Aboriginal History Journal: Volume 42

Aboriginal History Journal: Volume 42

Aboriginal History Journal: Volume 42Edited by: Ingereth Macfarlane

Description

In this volume, Peter Sutton provides a survey of the articles published by linguist Dr Luise Hercus (1926–2018) in Aboriginal History, honouring the contribution she has made to the journal since its inception. The seven articles this year highlight the wealth of sources that feed into historical research of Indigenous Australia. The role of performance in the events organised by the National Aborigines Day Observance Committee (NADOC) in 1957–67 in Sydney shows up the contest between state assimilationist goals and Indigenous participants’ insistence on distinction, continuity and survival (Jonathon Bollan and Anne Brewster). The then radical agenda – in a protectionist policy regime – of the advocacy group, the Aborigines’ Protection League in South Australia in the 1920s–30s, is examined in a detailed study of the group’s campaigns and campaigners (Rob Foster). A picture of colonial reception of Aboriginal performance and the public assertion of local Aboriginal cultural priorities in 1893 Darwin is developed in the historical contextualisation of a collection of Aboriginal artefacts found in the Marischal Museum, Aberdeen (Gaye Sculthorpe). A nuanced analysis of the relationship between the Catholic Benedictine Mission at New Norcia and the Western Australian Native Welfare Department draws on the correspondence between the Abbot of New Norcia and A.O. Neville (Elicia Taylor). A large body of reader responses to a recent online article on the deep history of Aboriginal Australia provides a way to map the strengths and weaknesses in the general Australian public’s apprehension of that long history (Lynette Russell and Billy Griffiths). A spatial history argues against the concept of ‘fringe camps’ and for a pattern of demonstrable continuities between precolonial, colonial and recent Aboriginal people’s favoured camp places and the locations of urban contemporary park spaces in Brisbane and townships in south-eastern Queensland (Ray Kerkhove). In the format of an interview, the themes concerning the writing of Aboriginal history and contemporary political debates that are developed in Tim Rowse’s recent book Indigenous and Other Australians since 1901 (2017) are explored (Miranda Johnson and Tim Rowse).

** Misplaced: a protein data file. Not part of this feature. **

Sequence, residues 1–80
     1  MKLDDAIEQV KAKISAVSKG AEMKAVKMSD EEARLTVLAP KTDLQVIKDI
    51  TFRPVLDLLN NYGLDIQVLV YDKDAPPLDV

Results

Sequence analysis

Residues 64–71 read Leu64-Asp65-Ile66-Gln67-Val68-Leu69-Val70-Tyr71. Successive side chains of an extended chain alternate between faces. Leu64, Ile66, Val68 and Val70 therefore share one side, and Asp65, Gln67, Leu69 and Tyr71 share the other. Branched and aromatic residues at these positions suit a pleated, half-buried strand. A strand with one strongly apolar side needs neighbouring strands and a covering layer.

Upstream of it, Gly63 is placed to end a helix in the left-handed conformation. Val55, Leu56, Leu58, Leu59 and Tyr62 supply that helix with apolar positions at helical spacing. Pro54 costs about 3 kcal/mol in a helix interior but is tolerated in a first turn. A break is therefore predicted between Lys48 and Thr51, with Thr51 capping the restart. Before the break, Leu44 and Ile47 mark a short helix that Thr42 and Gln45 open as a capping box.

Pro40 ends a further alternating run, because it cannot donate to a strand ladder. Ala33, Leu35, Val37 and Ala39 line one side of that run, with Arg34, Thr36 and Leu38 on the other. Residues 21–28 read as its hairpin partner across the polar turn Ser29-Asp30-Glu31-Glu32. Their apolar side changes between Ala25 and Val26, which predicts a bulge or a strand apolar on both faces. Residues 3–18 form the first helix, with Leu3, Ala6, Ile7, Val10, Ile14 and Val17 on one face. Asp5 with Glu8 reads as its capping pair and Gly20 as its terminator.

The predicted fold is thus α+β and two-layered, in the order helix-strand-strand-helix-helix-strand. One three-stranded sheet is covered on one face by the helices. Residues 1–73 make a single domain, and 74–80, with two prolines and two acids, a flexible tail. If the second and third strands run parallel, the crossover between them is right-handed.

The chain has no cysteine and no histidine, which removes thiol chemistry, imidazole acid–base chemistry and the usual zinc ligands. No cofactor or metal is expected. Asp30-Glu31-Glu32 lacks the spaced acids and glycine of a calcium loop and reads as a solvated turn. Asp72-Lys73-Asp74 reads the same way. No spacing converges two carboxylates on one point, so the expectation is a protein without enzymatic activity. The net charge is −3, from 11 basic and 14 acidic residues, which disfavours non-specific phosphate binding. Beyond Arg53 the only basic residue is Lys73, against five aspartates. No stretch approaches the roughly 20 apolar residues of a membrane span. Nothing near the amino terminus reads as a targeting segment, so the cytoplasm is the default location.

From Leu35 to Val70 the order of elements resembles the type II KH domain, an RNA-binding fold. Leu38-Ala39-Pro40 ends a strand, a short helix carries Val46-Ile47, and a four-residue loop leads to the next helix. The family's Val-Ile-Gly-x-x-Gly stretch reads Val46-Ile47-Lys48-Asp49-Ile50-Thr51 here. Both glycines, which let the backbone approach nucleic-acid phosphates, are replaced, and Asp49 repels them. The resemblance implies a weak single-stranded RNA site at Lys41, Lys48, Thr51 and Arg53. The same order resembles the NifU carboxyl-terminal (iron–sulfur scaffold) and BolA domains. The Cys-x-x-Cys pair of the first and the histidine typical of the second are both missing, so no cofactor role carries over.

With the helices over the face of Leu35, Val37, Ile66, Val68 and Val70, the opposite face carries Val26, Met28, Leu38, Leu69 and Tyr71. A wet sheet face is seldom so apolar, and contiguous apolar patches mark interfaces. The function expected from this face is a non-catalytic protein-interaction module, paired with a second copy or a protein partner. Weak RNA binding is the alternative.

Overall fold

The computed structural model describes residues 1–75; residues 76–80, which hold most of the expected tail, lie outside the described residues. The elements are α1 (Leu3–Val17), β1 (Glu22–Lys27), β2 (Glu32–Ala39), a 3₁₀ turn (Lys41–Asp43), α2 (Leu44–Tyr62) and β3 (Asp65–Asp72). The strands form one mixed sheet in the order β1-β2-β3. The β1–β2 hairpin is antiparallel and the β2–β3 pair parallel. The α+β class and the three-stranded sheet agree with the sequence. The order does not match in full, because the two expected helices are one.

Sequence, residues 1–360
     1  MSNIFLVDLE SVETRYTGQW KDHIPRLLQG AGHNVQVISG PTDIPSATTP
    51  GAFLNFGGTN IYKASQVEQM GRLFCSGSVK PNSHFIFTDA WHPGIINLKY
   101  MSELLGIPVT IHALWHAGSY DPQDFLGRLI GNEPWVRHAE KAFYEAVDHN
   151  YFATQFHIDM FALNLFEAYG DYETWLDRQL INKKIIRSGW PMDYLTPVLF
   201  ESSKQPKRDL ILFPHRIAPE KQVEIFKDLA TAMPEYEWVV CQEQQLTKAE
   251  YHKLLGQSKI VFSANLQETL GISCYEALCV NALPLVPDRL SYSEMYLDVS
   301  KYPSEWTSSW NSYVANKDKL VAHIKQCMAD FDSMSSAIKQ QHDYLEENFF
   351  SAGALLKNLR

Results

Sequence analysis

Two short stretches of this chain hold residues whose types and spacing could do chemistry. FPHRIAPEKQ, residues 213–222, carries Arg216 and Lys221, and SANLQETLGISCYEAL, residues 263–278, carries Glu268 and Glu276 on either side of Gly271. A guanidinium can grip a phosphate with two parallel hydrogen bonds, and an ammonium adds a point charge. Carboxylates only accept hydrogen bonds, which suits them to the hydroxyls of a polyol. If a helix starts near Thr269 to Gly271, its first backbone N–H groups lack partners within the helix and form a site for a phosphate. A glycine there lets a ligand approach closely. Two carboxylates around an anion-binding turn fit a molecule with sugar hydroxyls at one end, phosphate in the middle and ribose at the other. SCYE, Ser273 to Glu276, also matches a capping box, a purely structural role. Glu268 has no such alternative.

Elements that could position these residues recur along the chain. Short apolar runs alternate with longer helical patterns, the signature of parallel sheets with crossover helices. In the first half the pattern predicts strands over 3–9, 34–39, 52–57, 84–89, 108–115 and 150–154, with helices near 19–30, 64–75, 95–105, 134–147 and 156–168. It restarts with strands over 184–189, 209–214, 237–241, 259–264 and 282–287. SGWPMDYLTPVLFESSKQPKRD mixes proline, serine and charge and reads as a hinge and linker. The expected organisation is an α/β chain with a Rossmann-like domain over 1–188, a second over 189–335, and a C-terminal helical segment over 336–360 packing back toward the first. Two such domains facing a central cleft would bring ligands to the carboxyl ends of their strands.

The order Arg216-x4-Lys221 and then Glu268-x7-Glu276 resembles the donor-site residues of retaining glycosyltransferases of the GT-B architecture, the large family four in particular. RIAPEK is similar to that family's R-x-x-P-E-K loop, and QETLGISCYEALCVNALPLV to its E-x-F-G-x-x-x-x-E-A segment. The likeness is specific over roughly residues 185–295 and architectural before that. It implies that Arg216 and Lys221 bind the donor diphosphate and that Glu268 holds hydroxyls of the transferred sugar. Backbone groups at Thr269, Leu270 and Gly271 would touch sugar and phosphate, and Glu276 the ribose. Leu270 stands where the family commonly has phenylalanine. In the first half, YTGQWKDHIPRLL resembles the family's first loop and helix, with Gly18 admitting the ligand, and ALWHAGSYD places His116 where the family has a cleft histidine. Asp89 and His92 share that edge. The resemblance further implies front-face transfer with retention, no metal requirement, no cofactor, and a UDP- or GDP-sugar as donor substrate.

Aboriginal History Inc. is a publishing organisation based in the Australian Centre for Indigenous History, Research School of Social Sciences, The Australian National University, Canberra.

For more information on Aboriginal History Inc. please visit aboriginalhistory.org.au.

Details

ISSN (print):
0314-8769
ISSN (online):
1837-9389
Imprint:
ANU Press
DOI:
http://doi.org/10.22459/AH.42.2018
Journal:
Aboriginal History Journal
Co-publisher:
Aboriginal History
Disciplines:
Arts & Humanities: History; Social Sciences: Indigenous Studies
Countries:
Australia

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